Sleep cycles – what are they and how can you get a better night’s sleep?
A good night’s sleep is very important for both mental and physical health. Find out what ‘sleep cycles’ are, and how you can get a better night’s sleep.
For a healthy life, good sleep is as important as a balanced diet and exercise. But not everyone is lucky enough to get a good night’s sleep; many people struggle to achieve sound sleep, and can either suffer from poor quality sleep, or find they are continually waking.
There are many reasons behind sleep deprivation. Some people may have insomnia, others cannot sleep due to anxiety and depression.
One of the easiest ways to get proper sleep at night is by taking sleeping pills. But taking sleeping pills daily leads to pill fatigue, and it can also affect health. The alternative to conventional sleeping pills is melatonin gummies. Melatonin is safe to take daily. Research shows that even children can take it. The gummies are more like a treat, easy to eat, delicious, and tasty.
If you are facing difficulty sleeping and want to know how to get better sleep and the stages of sleep, then read on.
What are ‘sleep cycles’?
Sleep cycles are also known as stages of sleep. On average, we have several rounds of sleep cycles. The sleep cycle is comprised of four to six stages.
Your sleep cycle is not consistent, and not all sleep cycles are the same. The first stage of sleep is Non-Rapid Eye Movement (NREM), then for a shorter period comes Rapid Eye Movement (REM), and then the sleep cycle starts over again.
What is Non-REM?
The Non-Rapid Eye Movement (NREM) sleep cycle has three further stages. Each phase duration is from 5 to 15 minutes. We must all go through all three stages to enter into Rapid Eye Movement (REM):
- Stage 1 or N1: The first stage of NREM lasts for 5 to 10 minutes. In this stage, your eyes are closed, but it’s easy to wake you.
- Stage 2 or N2: This phase lasts for 10 to 25 minutes. In this stage, you are still in light sleep. Your body is preparing to go into a deep sleep as your heart rate slows down and your body temperature drops.
- Stage 3 or N3: This is the last stage of Non-REM. In this stage, your body is in a deep sleep. It’s hard to wake you up at this stage, and even if you wake up, you will feel lost, or out of sorts for some time. This stage lasts for 20 to 40 minutes.
What is Rapid Eye Movement (REM)?
You go into REM almost 90 minutes after you fall asleep. The first stage of REM lasts for 10 minutes, but later stages last for longer. Your REM stages can last for up to one hour.
In REM, your brain is active. Your heart rate and breathing speed up as you have intense dreams in this stage.
How can you enjoy better quality sleep?
Research shows that good sleep is important for your hormones, exercise performance, and brain function.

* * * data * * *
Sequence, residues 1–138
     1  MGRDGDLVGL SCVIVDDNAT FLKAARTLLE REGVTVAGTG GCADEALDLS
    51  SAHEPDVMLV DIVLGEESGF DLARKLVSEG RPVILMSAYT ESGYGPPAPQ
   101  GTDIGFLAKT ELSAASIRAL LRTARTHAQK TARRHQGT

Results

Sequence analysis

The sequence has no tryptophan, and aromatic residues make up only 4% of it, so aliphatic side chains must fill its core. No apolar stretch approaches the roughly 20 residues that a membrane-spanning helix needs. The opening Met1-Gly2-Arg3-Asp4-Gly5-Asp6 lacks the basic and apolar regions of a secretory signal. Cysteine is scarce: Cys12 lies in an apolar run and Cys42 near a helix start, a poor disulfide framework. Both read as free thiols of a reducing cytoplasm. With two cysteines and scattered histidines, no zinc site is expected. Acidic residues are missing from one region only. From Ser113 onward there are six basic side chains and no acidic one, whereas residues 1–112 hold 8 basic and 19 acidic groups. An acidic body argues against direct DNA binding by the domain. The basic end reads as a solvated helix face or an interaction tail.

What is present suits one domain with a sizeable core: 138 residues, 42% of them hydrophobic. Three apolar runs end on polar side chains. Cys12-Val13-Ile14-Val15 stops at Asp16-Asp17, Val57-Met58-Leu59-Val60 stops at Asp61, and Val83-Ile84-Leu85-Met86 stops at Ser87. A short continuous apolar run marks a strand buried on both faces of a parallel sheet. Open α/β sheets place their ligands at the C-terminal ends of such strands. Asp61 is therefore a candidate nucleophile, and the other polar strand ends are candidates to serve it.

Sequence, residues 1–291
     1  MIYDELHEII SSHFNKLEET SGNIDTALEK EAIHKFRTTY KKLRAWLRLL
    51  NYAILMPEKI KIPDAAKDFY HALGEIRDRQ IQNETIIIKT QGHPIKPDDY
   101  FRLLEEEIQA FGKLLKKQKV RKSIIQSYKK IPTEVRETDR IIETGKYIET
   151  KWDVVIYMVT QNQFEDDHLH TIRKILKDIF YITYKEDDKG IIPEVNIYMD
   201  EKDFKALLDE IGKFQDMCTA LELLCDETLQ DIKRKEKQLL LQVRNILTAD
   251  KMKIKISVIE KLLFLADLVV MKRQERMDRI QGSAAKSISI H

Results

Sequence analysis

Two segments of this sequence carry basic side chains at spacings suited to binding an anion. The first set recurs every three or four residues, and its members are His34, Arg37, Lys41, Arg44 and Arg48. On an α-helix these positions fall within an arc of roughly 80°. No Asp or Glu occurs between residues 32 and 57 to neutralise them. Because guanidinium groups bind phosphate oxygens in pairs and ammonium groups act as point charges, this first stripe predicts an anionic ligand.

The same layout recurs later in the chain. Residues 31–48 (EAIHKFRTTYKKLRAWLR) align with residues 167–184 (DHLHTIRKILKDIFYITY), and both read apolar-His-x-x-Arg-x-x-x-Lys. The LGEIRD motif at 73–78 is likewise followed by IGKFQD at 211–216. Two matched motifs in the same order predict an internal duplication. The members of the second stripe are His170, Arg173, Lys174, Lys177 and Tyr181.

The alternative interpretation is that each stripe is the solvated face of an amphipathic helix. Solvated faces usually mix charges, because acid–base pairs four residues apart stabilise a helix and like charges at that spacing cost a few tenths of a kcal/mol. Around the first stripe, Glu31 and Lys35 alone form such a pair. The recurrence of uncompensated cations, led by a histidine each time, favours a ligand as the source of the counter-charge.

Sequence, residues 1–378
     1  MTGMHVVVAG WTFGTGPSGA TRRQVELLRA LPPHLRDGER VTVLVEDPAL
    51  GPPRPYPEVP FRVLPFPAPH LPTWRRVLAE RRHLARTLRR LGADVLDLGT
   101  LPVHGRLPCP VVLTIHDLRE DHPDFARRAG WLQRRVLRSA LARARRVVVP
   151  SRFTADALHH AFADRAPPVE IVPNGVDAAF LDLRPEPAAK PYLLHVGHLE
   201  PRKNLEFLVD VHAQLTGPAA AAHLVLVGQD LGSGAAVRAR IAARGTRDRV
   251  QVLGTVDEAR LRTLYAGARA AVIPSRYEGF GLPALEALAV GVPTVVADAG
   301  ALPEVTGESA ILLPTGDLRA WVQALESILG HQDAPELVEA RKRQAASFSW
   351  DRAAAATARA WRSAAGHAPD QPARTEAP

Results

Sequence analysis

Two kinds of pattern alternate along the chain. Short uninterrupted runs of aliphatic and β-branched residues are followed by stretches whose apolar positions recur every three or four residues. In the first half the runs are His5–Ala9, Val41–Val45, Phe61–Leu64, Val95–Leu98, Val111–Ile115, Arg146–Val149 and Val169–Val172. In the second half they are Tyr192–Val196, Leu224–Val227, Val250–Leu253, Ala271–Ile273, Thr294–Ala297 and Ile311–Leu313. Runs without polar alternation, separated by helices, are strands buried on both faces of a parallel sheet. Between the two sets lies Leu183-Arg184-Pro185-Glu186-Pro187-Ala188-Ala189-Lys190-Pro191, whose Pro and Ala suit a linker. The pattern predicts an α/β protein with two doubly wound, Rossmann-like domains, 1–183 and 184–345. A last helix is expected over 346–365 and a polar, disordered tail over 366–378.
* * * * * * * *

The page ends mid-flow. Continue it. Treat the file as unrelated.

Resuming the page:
People who do not regularly get a full night’s sleep tend to gain weight more easily, and have an increased risk of some diseases. A good night’s sleep means you complete all the sleep cycle in one go.
Every stage of sleep is important. During the NREM stage, your body regrows and repair tissues, reinforces your immune system, and builds bones and muscles. The REM stage, meanwhile is associated with the increased production of protein.
Here are some tips to help you get a good night’s sleep.
1) Sync with your circadian rhythm
Your circadian rhythm is your body’s natural sleep-wake cycle. One of the successful and most common strategies to get better sleep is to sync with your sleep-wake cycle. You can sync to your circadian cycle if you:
- Increase your exposure to sunlight or bright light during the daytime. The sunlight can improve your energy in the day so you can have a quality sleep at night. It also helps in keeping the sleep-wake cycle healthy.
- Sleep and get up at the same time every day. It will help to set up your body’s internal clock, and you will feel sleepy at the time you sleep daily and will wake at the same time you wake up every day without any alarm clock.
- If you face a hard time sleeping at night, avoid nap in the daytime and if you want to nap, then nap in the early afternoon, not more than 15 to 20 minutes.
2) Limit your exposure to blue light
Avoid exposure to blue light, especially one to two hours before bedtime. The blue light emitting from electronic gadgets like TV, mobile and tablets, etc, can contribute to sleep disruption.
3) Exercise daily
Try to get some exercise every day – even if it’s just going out for a short walk at lunchtime. People who do exercise daily feel active in the daytime and have a better sleep at night.
4) Ensure you have the right size pillow
Use a neutral pillow that feels comfortable and offers the right level of support. A pillow that is too stiff pillow won’t help you to get a good night’s sleep, nor will one that is too flat, or too fat. Find your ‘goldilocks’ pillow that is just right.
5) Watch what you eat
And finally, it’s important to watch what you eat in the evenings. Try to eat earlier, rather than later so your body is not digesting a large meal when you are trying to sleep. But equally, don’t go to bed hungry. A slice of wholemeal toast can be a good evening snack if you’re feeling peckish.